Can exercise keep your brain young?
Exercise is a good way to manage weight, build stronger muscles and ward off heart disease, but it also been shown to improve mental health.
The direct relationship between physical fitness, brain activity and brain function was demonstrated in a study from the University of Tsukuba in Japan. In the study, 60 men 64 to 75 years old underwent exercise tests to measure their aerobic fitness. The results showed that those who were “aerobically fitter” performed better mentally than the “less fit” men.
As part of the study, researchers looked at the prefrontal cortex (PFC), which is located in the front of the brain and plays a role in memory, intelligence, language and vision. Younger people typically use the left side of the PFC for mental tasks such as short-term memory, understanding the meaning of words and recognizing events, objects and people. However, older people use equal parts of the PFC located on the right side of the brain for these same tasks.
Those who were deemed more “aerobically fit” as an older adult used the left part of their brain in the same way as they did when they were younger.
“One possible explanation suggested by the research is that the volume and integrity of the white matter in the part of the brain that links the two sides declines with age,” lead study author Dr. Hideaki Soya said in a news release. “There is some evidence to support the theory that fitter adults are able to better maintain this white matter than less fit adults.”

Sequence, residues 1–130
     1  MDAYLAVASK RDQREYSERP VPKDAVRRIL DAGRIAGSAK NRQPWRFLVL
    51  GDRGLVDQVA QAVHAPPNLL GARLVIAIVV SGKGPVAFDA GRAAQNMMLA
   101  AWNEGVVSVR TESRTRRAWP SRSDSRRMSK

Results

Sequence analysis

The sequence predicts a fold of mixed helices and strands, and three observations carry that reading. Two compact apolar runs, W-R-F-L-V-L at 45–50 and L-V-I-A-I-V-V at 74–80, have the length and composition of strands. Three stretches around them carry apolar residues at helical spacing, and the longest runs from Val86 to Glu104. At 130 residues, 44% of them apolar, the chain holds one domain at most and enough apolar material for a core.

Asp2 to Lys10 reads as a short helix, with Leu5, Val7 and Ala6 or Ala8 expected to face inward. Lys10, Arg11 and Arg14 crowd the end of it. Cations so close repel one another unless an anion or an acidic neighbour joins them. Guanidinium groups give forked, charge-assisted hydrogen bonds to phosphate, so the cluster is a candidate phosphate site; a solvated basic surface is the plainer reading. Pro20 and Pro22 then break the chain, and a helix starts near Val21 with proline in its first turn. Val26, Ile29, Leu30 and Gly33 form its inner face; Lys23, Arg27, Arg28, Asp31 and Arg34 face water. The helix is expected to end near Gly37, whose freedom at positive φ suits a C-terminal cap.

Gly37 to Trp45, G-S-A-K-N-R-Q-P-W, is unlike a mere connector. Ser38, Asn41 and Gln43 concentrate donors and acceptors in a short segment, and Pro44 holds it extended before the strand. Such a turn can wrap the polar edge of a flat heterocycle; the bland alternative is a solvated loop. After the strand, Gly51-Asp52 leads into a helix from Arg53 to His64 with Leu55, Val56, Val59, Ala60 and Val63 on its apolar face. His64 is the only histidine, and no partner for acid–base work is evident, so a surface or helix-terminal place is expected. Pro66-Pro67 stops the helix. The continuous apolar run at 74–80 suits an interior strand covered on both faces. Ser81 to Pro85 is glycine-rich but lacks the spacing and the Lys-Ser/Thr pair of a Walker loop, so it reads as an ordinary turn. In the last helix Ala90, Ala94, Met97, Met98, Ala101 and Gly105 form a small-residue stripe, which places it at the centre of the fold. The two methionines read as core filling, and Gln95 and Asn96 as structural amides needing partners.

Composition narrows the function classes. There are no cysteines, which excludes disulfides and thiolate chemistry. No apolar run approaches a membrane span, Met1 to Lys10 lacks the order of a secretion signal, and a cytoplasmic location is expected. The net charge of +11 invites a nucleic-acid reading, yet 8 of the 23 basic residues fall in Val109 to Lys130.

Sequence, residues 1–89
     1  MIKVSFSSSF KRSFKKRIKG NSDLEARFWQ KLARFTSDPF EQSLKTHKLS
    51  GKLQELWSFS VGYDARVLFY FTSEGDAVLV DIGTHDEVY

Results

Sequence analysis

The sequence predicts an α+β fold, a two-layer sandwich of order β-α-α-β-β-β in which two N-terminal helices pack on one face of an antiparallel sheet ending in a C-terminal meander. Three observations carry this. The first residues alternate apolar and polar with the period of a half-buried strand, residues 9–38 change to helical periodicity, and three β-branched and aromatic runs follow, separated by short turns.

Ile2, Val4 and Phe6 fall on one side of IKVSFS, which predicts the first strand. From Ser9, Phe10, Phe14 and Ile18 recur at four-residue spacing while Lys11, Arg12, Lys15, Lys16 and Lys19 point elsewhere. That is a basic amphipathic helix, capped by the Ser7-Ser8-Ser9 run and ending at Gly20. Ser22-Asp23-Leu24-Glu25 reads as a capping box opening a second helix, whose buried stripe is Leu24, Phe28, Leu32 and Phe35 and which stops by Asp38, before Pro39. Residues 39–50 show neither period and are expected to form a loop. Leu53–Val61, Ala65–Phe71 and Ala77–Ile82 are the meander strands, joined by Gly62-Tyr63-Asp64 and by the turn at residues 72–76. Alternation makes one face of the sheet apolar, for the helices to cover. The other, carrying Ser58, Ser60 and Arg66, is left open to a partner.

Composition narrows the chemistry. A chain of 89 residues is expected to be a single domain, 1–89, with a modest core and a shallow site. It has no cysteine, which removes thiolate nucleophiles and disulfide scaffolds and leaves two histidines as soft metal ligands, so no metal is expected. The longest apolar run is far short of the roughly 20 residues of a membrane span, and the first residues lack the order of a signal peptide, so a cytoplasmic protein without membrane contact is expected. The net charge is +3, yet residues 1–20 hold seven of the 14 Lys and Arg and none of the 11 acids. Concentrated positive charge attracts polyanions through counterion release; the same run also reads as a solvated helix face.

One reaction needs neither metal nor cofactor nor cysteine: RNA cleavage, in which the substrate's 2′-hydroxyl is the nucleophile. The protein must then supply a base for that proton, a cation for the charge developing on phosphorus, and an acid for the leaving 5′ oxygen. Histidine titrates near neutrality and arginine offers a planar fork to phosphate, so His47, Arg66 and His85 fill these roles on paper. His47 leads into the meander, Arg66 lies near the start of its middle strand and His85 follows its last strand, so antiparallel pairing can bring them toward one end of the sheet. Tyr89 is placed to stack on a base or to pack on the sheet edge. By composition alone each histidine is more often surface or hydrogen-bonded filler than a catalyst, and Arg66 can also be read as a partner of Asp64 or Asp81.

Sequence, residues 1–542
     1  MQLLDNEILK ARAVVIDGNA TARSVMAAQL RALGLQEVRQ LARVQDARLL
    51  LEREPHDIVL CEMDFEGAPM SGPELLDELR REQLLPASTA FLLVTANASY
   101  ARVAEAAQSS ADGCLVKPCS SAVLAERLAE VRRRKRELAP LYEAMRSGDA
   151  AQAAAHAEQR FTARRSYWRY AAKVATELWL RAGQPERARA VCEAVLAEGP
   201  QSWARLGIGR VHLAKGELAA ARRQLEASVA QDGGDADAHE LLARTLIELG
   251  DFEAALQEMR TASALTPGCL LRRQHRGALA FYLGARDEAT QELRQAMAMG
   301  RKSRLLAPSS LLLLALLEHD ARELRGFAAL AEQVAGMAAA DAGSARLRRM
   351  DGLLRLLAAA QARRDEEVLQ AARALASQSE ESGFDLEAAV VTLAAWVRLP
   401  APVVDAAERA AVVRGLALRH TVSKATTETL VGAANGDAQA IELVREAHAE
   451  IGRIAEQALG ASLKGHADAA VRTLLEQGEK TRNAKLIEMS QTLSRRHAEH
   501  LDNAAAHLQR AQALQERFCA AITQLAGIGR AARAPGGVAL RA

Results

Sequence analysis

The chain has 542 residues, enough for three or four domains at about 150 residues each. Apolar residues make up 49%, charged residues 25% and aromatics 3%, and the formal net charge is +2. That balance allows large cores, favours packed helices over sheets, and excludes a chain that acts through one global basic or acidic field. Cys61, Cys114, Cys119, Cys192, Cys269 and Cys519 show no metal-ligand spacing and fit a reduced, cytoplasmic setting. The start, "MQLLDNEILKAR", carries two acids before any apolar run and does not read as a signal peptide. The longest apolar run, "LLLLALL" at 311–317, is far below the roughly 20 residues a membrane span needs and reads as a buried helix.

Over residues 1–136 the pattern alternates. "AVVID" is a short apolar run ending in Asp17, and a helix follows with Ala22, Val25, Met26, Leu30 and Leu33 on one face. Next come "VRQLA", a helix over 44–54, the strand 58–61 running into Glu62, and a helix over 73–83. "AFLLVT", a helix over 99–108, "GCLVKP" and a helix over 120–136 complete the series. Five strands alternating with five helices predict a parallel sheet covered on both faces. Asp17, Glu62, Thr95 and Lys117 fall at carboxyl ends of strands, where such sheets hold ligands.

Dr. Raed Abusuwwa, neurosurgeon with Advocate Medical Group at Advocate Good Samaritan Hospital in Downers Grove, Ill., says exercise reduces insulin resistance, decreases inflammatory factors and stimulates the release of cell growth. Exercise is also shown to indirectly improve mood and sleep in addition to reducing stress and anxiety.
“Studies in the U.S. and abroad have suggested areas of the brain that are involved in memory and critical thinking, such as the hippocampus and prefrontal cortex, have greater volume in people who maintain a regular exercise regime of moderate intensity,” says Dr. Abusuwwa.
The neurosurgeon suggests the following tips to keep your mind sharp and active:
- Move more. Go for a walk, swim, join a gym and workout with a group who will help you adhere to a regular exercise.
- Eat nutrient-rich foods like bananas, avocado and spinach.
- Track your progress.
- Read, play board games, take a class or visit a museum.
- Enhance your problem solving skills through crossword puzzles, Sudoku and chess.
- Keep an active social calendar.
- Get enough sleep.
- Engage all of your senses – stop and smell the roses (literally).
About the Author
Johnna Kelly, healthe news contributor, is a manager of public affairs and marketing at Good Samaritan Hospital in Downers Grove. She is a former newspaper reporter and spent nearly 10 years as a public relations professional working for state and county government. During her time as a communications staffer for the Illinois General Assembly, she was integral in drafting and passing legislation creating Andrea's Law, the nation's first murderer registry. In her spare time, she volunteers at a local homeless shelter, enjoys traveling, photography and watching the Chicago Bulls.